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Fatal Misconception: The Struggle to Control…
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Fatal Misconception: The Struggle to Control World Population (2008)

by Matthew Connelly

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A comprehensive history of the population control movement needed to be written. It still does. Tedious and in that awful style typical of modern US historians, it's smug and smart alecy in a way that is welcome at faculty parties but of little use to those who want to know the facts. Buy it with caution if must but if you're looking for the definitive work on the subject you'll be disappointed. ( )
  liamfoley | May 2, 2012 |
Basically a policy history of the population control movement, focused on various unsavory alliances and splits in largely Western (and nonwestern elite) groups largely interested in overbreeding by people who weren’t them, though always and increasingly in dialogue with advocates for improving economic security, women’s education, and women’s power to decide for themselves how many children they wanted to have. Today’s successors to the population control movement are largely from that group. Connelly follows the view from the movement, which means talking a lot about what the experts thought and then just telling us that they were wrong without too much discussion of just what the people who were refusing to become “acceptors” were thinking and doing. A strength of the book is that it ties thinking on immigration to thinking on contraception and abortion. Connelly also notes that population controllers often ignored a proven means of reducing fertility: education for women. They did this because, he suggests, they were often simultaneously afraid of lower fertility in “high-quality” women, though it was hard to say this publicly as eugenics became increasingly in bad odor. I wish there’d been some unpacking of this racially inflected neglect, because as a matter of logic it’s just dumb: if you want uneducated people to stop having so many kids, educating them by definition ought to take them out of the troublesome group; you have to have an underlying idea that education won’t “fix” some more fundamental problem if you want to make them just stop reproducing. ( )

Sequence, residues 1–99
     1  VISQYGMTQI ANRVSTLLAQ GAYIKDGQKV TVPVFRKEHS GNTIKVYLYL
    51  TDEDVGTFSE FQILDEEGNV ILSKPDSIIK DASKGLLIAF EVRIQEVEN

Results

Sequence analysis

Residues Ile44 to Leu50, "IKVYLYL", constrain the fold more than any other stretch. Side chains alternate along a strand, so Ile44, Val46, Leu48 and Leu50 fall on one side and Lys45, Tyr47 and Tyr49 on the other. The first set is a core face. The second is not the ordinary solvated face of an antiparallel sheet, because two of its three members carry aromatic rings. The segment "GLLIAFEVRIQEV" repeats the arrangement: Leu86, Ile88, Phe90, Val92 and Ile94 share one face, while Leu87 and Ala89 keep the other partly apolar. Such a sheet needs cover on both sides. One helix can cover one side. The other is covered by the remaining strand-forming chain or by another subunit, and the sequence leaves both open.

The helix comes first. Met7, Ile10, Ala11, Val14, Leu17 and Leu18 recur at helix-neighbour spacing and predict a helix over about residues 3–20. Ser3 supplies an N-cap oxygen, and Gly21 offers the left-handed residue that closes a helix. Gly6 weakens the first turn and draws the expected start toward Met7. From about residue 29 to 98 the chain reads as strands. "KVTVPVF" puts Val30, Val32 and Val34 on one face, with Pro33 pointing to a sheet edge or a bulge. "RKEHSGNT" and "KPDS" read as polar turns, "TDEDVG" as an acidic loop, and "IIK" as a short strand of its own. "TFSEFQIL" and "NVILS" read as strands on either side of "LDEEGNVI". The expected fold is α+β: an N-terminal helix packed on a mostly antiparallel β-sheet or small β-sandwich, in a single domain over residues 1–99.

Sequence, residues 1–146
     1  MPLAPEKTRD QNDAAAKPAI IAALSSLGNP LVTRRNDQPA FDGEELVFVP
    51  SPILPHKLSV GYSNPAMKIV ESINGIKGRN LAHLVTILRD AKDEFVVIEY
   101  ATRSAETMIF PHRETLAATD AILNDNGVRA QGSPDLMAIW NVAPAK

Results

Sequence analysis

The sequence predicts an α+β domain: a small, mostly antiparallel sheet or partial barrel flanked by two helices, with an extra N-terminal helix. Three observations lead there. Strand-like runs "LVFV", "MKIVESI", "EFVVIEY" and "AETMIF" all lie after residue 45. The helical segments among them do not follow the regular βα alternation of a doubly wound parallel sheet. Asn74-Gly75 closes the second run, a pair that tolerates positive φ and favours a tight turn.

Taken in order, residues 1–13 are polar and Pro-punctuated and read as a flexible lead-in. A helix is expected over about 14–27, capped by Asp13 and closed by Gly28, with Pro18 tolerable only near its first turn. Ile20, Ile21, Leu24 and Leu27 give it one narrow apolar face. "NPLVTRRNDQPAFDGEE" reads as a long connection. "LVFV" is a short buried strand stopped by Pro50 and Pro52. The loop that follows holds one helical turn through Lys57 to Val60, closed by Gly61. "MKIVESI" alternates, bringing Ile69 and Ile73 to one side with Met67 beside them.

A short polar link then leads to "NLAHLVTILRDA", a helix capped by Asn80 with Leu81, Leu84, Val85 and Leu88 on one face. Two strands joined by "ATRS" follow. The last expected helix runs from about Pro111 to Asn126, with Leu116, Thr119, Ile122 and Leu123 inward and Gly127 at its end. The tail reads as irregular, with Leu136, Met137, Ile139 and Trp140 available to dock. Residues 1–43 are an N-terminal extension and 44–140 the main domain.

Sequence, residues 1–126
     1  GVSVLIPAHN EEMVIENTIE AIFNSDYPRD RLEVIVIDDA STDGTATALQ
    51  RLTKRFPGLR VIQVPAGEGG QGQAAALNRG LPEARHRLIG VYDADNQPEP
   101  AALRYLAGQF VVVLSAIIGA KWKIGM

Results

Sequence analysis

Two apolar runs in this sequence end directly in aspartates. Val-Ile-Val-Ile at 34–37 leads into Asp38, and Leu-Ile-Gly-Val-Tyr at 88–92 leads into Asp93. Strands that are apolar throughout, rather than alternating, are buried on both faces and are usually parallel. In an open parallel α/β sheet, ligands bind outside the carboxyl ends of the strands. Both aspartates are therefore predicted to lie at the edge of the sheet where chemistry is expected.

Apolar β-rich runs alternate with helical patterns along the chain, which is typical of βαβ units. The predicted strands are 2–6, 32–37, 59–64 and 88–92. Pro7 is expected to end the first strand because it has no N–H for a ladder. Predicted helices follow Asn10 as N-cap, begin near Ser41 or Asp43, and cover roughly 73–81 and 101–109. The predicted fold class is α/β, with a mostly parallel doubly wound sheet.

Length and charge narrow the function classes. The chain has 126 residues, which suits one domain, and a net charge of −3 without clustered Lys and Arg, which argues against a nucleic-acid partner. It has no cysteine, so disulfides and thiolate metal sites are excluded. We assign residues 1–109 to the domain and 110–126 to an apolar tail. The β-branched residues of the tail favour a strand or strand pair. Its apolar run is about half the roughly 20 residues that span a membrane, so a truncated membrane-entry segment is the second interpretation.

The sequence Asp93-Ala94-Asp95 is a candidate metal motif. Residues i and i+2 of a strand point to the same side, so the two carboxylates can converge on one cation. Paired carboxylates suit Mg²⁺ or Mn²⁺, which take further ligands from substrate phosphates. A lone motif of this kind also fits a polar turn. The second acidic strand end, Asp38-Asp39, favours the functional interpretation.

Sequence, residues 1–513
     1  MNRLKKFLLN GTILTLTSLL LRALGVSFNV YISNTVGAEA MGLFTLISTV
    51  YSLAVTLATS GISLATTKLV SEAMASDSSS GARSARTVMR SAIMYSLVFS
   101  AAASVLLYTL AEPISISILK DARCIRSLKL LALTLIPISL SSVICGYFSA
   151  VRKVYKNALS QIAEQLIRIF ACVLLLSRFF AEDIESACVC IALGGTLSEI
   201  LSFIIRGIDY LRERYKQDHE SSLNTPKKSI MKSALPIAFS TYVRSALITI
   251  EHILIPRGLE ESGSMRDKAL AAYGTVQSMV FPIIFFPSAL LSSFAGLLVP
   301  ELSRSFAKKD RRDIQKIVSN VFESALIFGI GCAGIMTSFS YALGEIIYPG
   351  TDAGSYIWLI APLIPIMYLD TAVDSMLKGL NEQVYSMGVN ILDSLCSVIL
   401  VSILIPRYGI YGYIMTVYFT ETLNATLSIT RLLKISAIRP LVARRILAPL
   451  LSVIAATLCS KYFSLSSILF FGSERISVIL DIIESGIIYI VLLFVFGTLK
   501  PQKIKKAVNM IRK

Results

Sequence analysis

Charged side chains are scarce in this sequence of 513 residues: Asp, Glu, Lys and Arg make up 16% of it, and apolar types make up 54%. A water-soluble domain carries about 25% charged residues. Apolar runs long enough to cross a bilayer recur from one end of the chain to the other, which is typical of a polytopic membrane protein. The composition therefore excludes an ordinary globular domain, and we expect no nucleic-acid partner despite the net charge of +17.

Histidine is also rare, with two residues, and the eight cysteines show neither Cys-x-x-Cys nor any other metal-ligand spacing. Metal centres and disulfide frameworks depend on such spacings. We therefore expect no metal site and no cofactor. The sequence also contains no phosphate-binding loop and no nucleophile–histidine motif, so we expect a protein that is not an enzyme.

rivkat | Jan 10, 2012 |